Q+A with extreme mountain biker Mike Kinrade
By Emily Stifler Explorebigsky.com Managing Editor
Photos by Nick Diamond Explorebigsky.com Contributor
Mike Kinrade rides his bike down mountain faces like he’s creating a piece of artwork.
Watch a clip on YouTube, and you’ll see the Nelson, British Columbia native charging down a 40-degree slope at 30 miles an hour, arcing fluid turns and taking air as if on snow.
But it’s not only an artform: With time spent scoping potential lines, this type of riding is a finely tuned combination of risk, physics, athleticism and intuition.
“You’re literally dropping into the unknown,” says Kinrade, 32. “You don’t know how the dirt and ground will react to your tires or braking, or how to corner in it. It’s not like snow where it’s a consistent texture – every 10 feet is different, and you have to adapt quickly.
“Once you’ve ridden a line and get into the zone though, it’s a lot more free and fluid.”
Riding 150-200 days a year, Kinrade describes his downhill bike – an Evil Bikes Undead with Manitou suspension – as an extension of his body.
While many of his favorite big lines are in British Columbia, others, like those featured in the Redbull Media House-sponsored film, Where the Trail Ends, were first descents in far-off places like the Salta Province of Argentina.
After more than 15 years in the bike scene, Kinrade sees himself as an ambassador for the sport.
“I’ve started rediscovering what it’s about, what I’m stoked on and what keeps me coming back. For me it’s more about getting out riding with friends. I like to promote that part of the sport.”
Q+A with Kinrade
What was your first bike?
When I was 14, I got a Nishiki Expedition two sizes too big. It was black with purple paint splashed on it, and purple bar ends and toe clips – the ugliest bike ever. Mountain biking was new in Nelson, and the trails were super bumpy and rowdy.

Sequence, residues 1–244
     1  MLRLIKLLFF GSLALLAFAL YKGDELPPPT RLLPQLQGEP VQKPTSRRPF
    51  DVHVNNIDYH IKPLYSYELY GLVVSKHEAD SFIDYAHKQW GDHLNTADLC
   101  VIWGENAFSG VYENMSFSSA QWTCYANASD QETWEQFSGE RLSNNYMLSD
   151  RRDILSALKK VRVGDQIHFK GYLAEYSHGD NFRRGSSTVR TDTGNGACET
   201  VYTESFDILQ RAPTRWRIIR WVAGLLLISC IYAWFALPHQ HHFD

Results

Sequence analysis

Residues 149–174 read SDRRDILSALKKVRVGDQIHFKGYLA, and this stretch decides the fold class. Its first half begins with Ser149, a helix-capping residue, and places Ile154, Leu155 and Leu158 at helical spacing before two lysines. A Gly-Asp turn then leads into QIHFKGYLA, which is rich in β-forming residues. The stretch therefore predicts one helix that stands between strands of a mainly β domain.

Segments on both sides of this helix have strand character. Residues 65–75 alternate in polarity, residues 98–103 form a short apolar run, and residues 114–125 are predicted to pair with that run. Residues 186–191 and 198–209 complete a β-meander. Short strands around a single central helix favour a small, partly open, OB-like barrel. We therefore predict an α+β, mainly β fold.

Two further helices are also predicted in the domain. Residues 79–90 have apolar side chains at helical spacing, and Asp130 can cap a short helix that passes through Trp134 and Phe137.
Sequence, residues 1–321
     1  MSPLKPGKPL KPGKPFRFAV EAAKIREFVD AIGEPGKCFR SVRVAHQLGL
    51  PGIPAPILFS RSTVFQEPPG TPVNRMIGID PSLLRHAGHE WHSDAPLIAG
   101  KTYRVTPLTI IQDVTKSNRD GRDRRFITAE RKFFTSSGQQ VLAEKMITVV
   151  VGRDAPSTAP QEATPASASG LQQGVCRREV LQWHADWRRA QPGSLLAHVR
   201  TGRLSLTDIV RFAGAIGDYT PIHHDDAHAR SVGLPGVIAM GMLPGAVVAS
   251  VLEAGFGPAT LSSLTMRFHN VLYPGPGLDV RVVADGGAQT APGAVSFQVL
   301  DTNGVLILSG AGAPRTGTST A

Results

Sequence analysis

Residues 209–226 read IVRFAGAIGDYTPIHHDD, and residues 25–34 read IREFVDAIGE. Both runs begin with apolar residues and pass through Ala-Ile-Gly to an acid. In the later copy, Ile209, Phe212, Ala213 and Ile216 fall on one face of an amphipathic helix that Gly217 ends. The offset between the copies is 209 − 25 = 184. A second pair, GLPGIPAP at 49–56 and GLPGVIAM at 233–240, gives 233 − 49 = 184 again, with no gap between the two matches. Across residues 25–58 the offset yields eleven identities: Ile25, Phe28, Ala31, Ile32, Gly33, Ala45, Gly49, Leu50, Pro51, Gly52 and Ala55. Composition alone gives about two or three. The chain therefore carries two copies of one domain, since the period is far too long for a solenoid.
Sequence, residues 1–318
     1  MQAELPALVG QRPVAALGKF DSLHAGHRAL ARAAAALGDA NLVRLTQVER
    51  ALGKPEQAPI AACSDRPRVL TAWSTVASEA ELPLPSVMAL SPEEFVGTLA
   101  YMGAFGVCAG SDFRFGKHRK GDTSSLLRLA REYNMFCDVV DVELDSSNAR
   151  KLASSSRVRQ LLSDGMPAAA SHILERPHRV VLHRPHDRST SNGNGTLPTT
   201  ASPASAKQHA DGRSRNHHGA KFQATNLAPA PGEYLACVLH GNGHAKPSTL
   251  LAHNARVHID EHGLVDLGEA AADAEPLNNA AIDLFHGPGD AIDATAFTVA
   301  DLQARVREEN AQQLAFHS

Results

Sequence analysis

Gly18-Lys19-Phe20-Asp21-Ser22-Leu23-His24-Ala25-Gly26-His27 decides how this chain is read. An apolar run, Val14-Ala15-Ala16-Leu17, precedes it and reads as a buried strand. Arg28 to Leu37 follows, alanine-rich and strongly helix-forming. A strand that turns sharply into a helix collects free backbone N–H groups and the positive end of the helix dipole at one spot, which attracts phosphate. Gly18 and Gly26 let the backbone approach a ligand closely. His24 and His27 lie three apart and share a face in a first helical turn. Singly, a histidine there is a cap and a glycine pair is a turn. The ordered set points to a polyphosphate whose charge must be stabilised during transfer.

Tell me about your family.
My dad’s a Kootenay boy, and my mom’s originally from Ontario. One of my brothers is a hockey player in Switzerland, and the other is an engineer in Vancouver. We’re very different: the hockey jock, the quiet nerdy engineer, and me, the black sheep.
Describe your sport.
I love looking for new places to ride, going for first descents of peaks.v
How did you get into that?
Byron Grey and Darren Butler showed me these big mountain lines in Invermere 12 years ago, and I was like, ‘What the f*** are you guys talking about?’ Watching Darren ride, I knew this was the future.
I love the lifestyle. It’s in the mountains, with friends. I love ripping through the rowdiest, roughest terrain, doing [30 miles an hour] where you wouldn’t feel comfortable walking. It’s exhilarating to go where a mountain bike has never touched the ground and be the first to do it.
How do you train?
I ride as much as possible, and I work out. My personal trainer, a paraplegic [paralyzed in a biking accident] runs a militia-style program called Sasquatch Performance Training. You’re not allowed to talk, ask questions or stop. Basically, he tries to kill you. It’s the same way on a bike: You get on and hammer, and every element is trying to kill you.
Tell me about your crash at the Red Bull Rampage.
A gust of wind blew me back on my bike, and I cased a jump. As I flipped over, my head hit the ground and I knocked myself out… It wasn’t actually that bad. I train to learn how to fall and come back from injuries. The biggest thing that sucks is it takes time off your bike.
Who inspires you?
My grandfather was an old mountain man who moved from Ontario and fell in love with the mountains. He taught me to respect nature and life. He’s been my biggest influence.
As far as riding goes, Dylan Tremblay. We grew up together, and he got me into biking when I was 14. [Later], he would just show up at cross-country races with his glasses on and his shoes untied and win. He was a freak, basically.
I’ve heard you’re planning a mountain biking event at Baldface Lodge, outside of Nelson.
It’ll be something like the Red Bull Ultra Natural or the Rampage – a 2,500-vertical foot, gnarly freestyle backcountry competition. It would be next summer or the year after.
How would you describe risk?
Risk is getting out of your comfort zone, [and whether you’re ready to deal with it]. Over time, you can tolerate more. The more confident you are, the more you minimize it.
What is your relationship with gravity?
It’s a constant fight and struggle, a love-hate relationship. Sometimes it schools you. [Downhill mountain biking is] like sailing with gravity – except there’s only one direction, so you just have to change the angles.
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